AERA Continues Efforts to Support Increased Funding for Education Research and Statistics in FY 2022
AERA Continues Efforts to Support Increased Funding for Education Research and Statistics in FY 2022

November 2021

Since October 1, federal agencies have been operating under a continuing resolution (CR) that extended FY 2021 funding levels through December 3. As Congress continues negotiations to advance FY 2022 appropriations legislation, AERA has led or been involved in several coalition efforts advocating for increased investments in federal agencies that support education research and statistics.

The full House and Senate appropriations proposals are detailed in a 2021 October Highlights story. AERA urges and strongly supports the funding levels presented in the following letters.

The Friends of the Institute of Education Sciences (IES), led by AERA, pressed for the inclusion of a top line of $814 million proposed in the Senate Labor, Health and Human Services, and Education (Labor-H) bill for IES in final FY 2022 appropriations. This November 16 letter also supports a proposed new Program Administration line item within the IES account in the Senate draft legislation.

The Coalition for National Science Funding, a coalition of more than 100 organizations that advocate for robust funding for the National Science Foundation (NSF), transmitted a letter to Senate and House leaders on November 2 urging them to adopt the $9.634 billion for NSF in the House bill in final FY 2022 legislation.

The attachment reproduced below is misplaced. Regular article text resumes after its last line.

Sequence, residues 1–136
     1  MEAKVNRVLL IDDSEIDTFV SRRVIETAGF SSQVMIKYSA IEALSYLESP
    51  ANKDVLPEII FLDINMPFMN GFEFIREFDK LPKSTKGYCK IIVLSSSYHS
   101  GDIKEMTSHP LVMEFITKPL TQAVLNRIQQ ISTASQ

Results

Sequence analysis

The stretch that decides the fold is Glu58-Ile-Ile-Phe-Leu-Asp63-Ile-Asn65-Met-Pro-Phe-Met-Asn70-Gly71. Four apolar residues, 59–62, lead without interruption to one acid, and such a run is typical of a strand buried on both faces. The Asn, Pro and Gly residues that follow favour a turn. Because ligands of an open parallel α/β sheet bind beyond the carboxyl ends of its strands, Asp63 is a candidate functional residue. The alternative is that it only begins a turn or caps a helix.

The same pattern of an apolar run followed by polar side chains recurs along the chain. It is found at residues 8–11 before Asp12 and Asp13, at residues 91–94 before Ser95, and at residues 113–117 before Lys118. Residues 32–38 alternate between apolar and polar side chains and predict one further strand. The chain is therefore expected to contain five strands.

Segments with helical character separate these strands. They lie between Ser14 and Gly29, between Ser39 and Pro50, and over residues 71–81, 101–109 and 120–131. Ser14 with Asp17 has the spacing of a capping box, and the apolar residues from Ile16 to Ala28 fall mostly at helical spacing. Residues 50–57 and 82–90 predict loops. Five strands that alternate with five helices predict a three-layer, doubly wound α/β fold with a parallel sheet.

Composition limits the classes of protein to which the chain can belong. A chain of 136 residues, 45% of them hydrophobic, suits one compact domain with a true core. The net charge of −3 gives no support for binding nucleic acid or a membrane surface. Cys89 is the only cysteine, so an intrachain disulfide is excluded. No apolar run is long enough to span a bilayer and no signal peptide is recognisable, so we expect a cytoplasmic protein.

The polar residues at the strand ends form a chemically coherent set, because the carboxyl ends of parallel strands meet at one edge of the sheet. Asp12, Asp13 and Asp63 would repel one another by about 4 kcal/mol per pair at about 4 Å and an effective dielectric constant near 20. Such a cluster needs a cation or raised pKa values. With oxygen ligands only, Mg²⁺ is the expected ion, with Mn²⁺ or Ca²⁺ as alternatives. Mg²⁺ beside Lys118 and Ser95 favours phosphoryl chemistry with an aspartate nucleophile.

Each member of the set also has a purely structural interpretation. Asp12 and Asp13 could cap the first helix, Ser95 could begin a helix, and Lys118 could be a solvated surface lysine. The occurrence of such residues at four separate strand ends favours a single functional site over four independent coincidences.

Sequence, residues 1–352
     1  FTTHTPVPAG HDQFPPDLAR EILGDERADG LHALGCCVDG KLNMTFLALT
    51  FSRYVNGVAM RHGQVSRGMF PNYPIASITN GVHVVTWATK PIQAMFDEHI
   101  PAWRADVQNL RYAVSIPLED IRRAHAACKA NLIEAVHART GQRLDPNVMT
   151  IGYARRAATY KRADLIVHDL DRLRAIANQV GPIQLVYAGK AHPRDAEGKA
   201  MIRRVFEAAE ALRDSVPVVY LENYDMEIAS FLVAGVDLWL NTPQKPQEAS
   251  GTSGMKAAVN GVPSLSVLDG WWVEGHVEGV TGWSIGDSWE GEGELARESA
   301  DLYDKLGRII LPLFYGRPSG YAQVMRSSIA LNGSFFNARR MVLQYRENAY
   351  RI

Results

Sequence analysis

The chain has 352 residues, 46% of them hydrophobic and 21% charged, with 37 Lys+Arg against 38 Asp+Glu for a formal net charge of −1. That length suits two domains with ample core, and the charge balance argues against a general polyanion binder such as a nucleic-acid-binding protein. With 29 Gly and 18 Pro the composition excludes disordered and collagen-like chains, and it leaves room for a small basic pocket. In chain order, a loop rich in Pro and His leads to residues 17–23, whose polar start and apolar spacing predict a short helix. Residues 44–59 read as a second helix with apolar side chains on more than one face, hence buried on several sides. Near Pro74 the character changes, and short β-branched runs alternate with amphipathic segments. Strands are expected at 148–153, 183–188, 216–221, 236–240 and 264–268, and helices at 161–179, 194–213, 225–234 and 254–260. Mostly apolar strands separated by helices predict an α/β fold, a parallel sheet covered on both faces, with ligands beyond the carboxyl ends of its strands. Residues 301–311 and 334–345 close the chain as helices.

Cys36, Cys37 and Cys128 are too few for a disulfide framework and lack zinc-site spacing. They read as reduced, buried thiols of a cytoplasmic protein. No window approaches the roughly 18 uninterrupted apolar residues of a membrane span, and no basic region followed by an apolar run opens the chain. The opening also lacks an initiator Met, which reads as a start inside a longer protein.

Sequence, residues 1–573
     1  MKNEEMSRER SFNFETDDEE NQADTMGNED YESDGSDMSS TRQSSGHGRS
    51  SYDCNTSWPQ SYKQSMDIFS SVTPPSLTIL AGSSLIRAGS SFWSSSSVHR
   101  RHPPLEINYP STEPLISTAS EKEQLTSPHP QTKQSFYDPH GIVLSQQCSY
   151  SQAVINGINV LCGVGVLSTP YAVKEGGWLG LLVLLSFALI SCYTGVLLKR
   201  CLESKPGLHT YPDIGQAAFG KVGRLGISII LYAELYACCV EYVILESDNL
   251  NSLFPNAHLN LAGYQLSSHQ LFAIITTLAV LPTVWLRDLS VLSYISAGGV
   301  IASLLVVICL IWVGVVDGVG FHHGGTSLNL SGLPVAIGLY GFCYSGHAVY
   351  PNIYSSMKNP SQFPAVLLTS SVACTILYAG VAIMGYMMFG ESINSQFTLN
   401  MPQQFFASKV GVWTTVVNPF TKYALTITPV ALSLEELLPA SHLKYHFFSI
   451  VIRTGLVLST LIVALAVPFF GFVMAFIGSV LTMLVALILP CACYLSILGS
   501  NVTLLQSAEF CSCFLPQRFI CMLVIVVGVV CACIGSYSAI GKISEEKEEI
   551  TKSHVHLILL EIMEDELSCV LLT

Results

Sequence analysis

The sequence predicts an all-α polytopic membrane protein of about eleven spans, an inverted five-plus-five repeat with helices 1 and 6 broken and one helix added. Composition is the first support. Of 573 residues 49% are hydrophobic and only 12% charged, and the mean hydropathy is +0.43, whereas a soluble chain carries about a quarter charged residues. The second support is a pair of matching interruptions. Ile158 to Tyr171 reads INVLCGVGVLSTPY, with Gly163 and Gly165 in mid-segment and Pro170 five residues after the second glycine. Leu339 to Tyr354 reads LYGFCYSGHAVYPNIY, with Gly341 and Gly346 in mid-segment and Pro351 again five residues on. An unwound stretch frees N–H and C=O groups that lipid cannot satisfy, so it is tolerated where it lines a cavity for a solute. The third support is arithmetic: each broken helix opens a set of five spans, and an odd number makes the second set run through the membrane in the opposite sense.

The Friends of National Institute of Child Health and Human Development (NICHD) sent a letter on November 9 urging the inclusion of $1.7 billion for NICHD in a final FY 2022 bill.

The Census Project, which supports the mission of the Census Bureau, sent a letter on November 8 requesting at least the $1.44 billion provided in the House Commerce, Justice, Science (CJS) bill, with support for providing the Census Bureau $2 billion in a final FY 2022 bill.

In addition to these calls for increased funding levels for key agencies, AERA also urges Congress to complete the FY 2022 process and not resort to a long-term CR. Congress is not expected to pass all of the appropriations by December 3, meaning that an additional CR will be needed for Congress to finish its work. Reports have indicated a range of options discussed, including a short-term CR that would last until December 17, one option that would extend FY 2021 levels in a CR through March, and a potential year-long CR.